FM Nguyen Anh Khoi was convincing in his win in the U10 World Youth Chess Championship. After 10 rounds of play the young chess player from Vietnam had 10,0/10, and today he confirmed his superiority by yet another win finishing the WYCC with perfect score of 11,0/11. Does the chess world know who this young phenomenon is? For those following youth chess, FM Nguyen Anh Khoi is no surprise. His star rose in 2010 when he conquered the U8 Asian Youth Chess Championship. He missed the medal with a loss in the last round in the World Youth 2010. He started competing in the U10 category in the Asian Youth Chess Championship 2011, where he was one of the youngest players, and finished at solid 7th position. In 2012 FM Nguyen Anh Khoi participated in the 13th ASEAN age group championships, scoring 8,0/9 and grabbing the gold medal U10.
Now with the performance at the World Youth Chess 2012, FM Nguyen Anh Khoi adds another gold medal to his carreer and makes a serious bid to be a future chess prodigy.
Experienced trainer Adrian Mikhalchishin commented on the game of FM Nguyen Anh Khoi from round 9, “I am impressed – practically all moves were the best! Remember this name!” Here is the full commentary with diagrams.

1.e4 c5 2.Sf3 d6 3.d4 cxd4 4.Sxd4 Sf6 5.Sc3 a6 6.Df3
Nowadays it is rear move, but at the very beginning of Najdorf variation history, it was one of the main moves in this line.
6…e6 7.g4!
Correct way how to develop play on the Kings side, as other moves are a bit artificial.
7.Lg5; 7.Dg3
Very useful was to stop Whites initiative for a while 7…h6
8.g5 Sfd7 9.Le3
Correct way of development of the play here can be demonstrated by the next variation 9.Dg3 b5 10.a3 Lb7 11.f4 g6 12.Le3 Sc5 13.Lg2 Lg7
14.0–0–0 0–0 15.h4 and White is ready for opening h file.
9…b5 10.a3 Lb7 11.Dg3
Much more interesting was to open a bit position of Black King with the help of pin on h file 11.Dh3! Sc6 12.g6! Sxd4 13.gxf7+ Kxf7 14.Lxd4 Le7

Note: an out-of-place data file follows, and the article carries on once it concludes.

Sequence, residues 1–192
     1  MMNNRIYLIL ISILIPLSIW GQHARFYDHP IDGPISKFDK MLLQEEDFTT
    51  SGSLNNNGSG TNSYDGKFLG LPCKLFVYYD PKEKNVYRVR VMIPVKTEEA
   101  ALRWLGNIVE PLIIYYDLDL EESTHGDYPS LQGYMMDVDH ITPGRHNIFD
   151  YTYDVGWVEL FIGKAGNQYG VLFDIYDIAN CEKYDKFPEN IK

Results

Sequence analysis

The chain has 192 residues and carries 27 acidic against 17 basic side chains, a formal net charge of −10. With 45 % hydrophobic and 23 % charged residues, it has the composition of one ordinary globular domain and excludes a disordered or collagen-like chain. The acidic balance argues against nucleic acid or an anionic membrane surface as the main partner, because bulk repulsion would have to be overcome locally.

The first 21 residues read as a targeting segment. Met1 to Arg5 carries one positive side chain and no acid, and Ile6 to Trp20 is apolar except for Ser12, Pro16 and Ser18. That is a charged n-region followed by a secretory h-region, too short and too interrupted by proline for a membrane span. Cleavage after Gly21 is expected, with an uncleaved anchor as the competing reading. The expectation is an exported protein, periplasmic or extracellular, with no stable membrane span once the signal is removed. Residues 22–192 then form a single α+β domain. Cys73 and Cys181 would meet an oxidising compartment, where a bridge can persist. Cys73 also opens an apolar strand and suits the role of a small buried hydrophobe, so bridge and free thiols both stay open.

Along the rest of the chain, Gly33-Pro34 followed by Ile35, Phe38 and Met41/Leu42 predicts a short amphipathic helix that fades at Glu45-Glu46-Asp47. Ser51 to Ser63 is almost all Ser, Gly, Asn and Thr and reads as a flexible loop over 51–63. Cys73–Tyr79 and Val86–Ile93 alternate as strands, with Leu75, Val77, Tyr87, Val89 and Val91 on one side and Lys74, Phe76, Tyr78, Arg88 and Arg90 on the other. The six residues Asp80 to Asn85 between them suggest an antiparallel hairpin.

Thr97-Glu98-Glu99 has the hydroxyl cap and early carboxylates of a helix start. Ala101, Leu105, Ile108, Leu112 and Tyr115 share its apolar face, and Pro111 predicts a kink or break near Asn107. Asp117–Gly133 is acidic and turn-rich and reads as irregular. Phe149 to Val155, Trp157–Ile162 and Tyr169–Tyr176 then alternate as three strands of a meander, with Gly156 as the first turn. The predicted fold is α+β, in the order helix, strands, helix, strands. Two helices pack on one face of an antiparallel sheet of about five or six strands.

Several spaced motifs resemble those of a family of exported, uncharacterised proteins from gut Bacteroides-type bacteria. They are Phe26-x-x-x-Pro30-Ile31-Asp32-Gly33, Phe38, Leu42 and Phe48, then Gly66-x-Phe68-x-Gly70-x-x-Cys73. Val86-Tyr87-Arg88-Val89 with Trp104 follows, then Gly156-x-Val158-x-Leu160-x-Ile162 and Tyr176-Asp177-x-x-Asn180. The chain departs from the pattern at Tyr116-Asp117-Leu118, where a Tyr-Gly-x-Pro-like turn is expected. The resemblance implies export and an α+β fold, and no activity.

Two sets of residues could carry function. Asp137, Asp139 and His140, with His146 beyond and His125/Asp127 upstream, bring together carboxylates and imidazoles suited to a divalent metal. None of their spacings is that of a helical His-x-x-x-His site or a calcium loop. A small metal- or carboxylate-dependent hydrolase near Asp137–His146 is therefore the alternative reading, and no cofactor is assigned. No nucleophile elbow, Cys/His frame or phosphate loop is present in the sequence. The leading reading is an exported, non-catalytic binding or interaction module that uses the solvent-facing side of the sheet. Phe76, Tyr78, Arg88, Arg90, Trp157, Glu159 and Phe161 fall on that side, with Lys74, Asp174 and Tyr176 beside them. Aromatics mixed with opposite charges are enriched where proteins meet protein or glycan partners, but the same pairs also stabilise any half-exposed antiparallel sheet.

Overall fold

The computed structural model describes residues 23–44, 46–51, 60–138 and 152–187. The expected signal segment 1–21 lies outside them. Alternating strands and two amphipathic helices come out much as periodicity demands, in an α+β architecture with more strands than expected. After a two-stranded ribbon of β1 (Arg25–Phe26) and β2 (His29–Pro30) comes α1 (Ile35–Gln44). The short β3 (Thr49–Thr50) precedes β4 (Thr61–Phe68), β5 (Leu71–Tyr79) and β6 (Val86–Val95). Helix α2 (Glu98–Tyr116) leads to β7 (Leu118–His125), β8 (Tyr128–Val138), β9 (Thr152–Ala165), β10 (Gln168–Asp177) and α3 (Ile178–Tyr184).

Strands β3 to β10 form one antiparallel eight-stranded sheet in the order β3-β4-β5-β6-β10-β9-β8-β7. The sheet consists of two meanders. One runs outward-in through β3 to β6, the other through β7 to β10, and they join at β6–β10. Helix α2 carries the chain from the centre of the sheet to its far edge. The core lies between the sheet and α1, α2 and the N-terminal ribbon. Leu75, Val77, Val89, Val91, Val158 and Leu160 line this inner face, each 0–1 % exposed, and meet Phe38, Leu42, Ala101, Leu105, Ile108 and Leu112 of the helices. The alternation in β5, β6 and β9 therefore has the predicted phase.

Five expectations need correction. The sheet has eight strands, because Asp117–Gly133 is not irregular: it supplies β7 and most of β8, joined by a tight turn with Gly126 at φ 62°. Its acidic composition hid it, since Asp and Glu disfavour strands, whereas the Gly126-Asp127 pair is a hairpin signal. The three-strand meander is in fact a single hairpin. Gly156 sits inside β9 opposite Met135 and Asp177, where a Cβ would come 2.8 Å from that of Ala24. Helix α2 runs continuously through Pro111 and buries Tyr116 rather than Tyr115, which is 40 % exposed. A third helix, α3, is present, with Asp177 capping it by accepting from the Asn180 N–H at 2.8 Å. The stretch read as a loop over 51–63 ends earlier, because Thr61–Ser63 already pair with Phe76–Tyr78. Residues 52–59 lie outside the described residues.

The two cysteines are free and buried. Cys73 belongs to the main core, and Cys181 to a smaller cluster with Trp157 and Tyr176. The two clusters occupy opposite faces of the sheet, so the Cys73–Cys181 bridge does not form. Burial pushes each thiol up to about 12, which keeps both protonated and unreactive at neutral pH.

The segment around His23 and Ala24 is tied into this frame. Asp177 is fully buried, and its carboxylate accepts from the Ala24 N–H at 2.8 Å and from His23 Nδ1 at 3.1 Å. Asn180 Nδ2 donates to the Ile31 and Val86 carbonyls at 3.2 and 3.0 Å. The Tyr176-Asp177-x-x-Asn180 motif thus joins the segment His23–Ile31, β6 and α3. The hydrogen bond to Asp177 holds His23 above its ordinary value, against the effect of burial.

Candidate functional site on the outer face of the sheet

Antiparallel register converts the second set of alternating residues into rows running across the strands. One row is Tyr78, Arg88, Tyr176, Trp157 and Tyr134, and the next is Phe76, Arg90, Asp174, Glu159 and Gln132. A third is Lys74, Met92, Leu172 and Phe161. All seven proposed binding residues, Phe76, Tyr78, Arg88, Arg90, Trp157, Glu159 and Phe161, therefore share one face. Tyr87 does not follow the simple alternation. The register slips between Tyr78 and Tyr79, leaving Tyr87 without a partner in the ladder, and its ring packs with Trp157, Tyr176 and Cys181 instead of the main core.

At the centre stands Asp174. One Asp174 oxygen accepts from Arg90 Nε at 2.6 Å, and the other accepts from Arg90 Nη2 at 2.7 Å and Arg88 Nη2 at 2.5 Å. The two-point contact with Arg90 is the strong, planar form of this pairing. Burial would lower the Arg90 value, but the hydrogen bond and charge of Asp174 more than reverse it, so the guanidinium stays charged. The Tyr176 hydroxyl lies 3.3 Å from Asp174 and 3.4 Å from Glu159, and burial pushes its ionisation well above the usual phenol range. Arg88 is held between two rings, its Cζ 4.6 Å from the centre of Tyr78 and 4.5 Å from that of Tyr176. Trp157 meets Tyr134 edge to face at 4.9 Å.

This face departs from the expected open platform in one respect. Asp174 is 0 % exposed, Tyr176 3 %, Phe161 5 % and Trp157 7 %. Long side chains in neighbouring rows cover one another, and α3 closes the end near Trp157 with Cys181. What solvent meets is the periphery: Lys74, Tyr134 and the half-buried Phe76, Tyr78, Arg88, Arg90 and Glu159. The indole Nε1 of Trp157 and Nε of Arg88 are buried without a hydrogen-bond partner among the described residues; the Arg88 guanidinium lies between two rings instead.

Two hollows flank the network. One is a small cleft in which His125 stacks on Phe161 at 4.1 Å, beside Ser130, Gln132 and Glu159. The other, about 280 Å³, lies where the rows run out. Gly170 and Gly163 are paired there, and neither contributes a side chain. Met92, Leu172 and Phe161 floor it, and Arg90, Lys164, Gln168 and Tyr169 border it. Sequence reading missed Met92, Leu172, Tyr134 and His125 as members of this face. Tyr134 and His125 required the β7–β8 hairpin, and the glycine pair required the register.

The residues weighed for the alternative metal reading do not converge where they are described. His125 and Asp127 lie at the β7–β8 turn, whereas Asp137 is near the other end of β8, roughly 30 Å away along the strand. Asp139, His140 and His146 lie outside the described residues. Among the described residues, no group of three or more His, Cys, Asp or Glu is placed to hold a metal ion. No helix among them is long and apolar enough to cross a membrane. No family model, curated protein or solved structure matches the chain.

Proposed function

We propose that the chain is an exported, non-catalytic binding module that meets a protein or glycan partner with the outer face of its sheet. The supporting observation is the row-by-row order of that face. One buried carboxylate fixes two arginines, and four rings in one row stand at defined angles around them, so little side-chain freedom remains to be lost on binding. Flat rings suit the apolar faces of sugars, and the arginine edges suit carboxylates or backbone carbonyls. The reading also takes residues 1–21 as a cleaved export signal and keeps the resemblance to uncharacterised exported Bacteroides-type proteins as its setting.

15.0–0–0 Lf6 16.Tg1
11…Sc6 12.0–0–0
Nothing special would obtain White in the case of 12.Sxc6 Lxc6 13.h4 Db7 14.f3 b4 15.axb4 Dxb4
16.Ta2 d5!
It is necessary to exploit any chance opening position of enemy King.
13.axb4 Sxb4
White player decided to strengthen his center, as he could not like the typical Sicilian development in the variation 14.f4 Sc5 15.Lg2 Tc8 16.Kb1 e5 17.Sde2 Sxe4!
Correct plan, but it was possible to start, bringing Rook into the attack first [14...Tc8]
15.Kb1 Tc8 16.Tc1?
Passive continuation-it was much better to add to defence other Rook
16.h4 Da5 17.Th2
Black continues to build up his presence on the Queens side, much closer to the White King.
17…Sxe4! 18.fxe4 Txc4 19.Sb3 Dc7 20.Sd2
No real perspective promised 20.Thf1 Le7 21.Df2 0–0 22.Lb6 Dc8
Just here small Vietnamese boy did not had enough experience for typical exchange sacrifice 20…Txc3 21.bxc3 Dxc3 22.Lf4 Dxg3 23.hxg3 e5
24.Le3 d5
Preferable was to stop development of Black Bishop 21.Ld4
21…Le7 22.h5 0–0
Once more was possible positional exchange sacrifice 22…Txc3 23.bxc3 Dxc3 24.Lf4 Dxg3 25.Lxg3 Lxg5 26.Sc4 0–0
Last chance in such positions is to create some mess on the board 23.g6
Not completely bad, but once more exchange sac was a bit better 23…Txc3 24.bxc3 Dxc3
24.Lf4 Db6
Now the best way was really complicated for the kids 24…Dd8 25.Sb3 d4 26.Tcd1 d3 27.cxd3 a5 28.Le5 La6
25.g6! could create some problems for Black.
At this age kids don’t know the real value of typical exchange sacrifice, which could be performed many times! 25…Txc3 26.Dxc3 Da5 27.Da3
Dxa3 28.bxa3 Sxd5
26.Sb3 d4! 27.Se2 Tc4
The best move.
White saw very bad attack after normal 28.Tfd1 Sxc2 29.Txc2 Txc2 30.Kxc2 Le4+ 31.Td3 Dc6+ 32.Kd2 Lb4+
28…Txd4 29.Sxd4 Dxd4 30.Le5 Dd5 31.Tcd1 Da2+ 32.Kc1 Tc8 33.Tf2 Da1+ 34.Kd2 Td8+
I am impressed -practically all last moves were the best! Remember this name!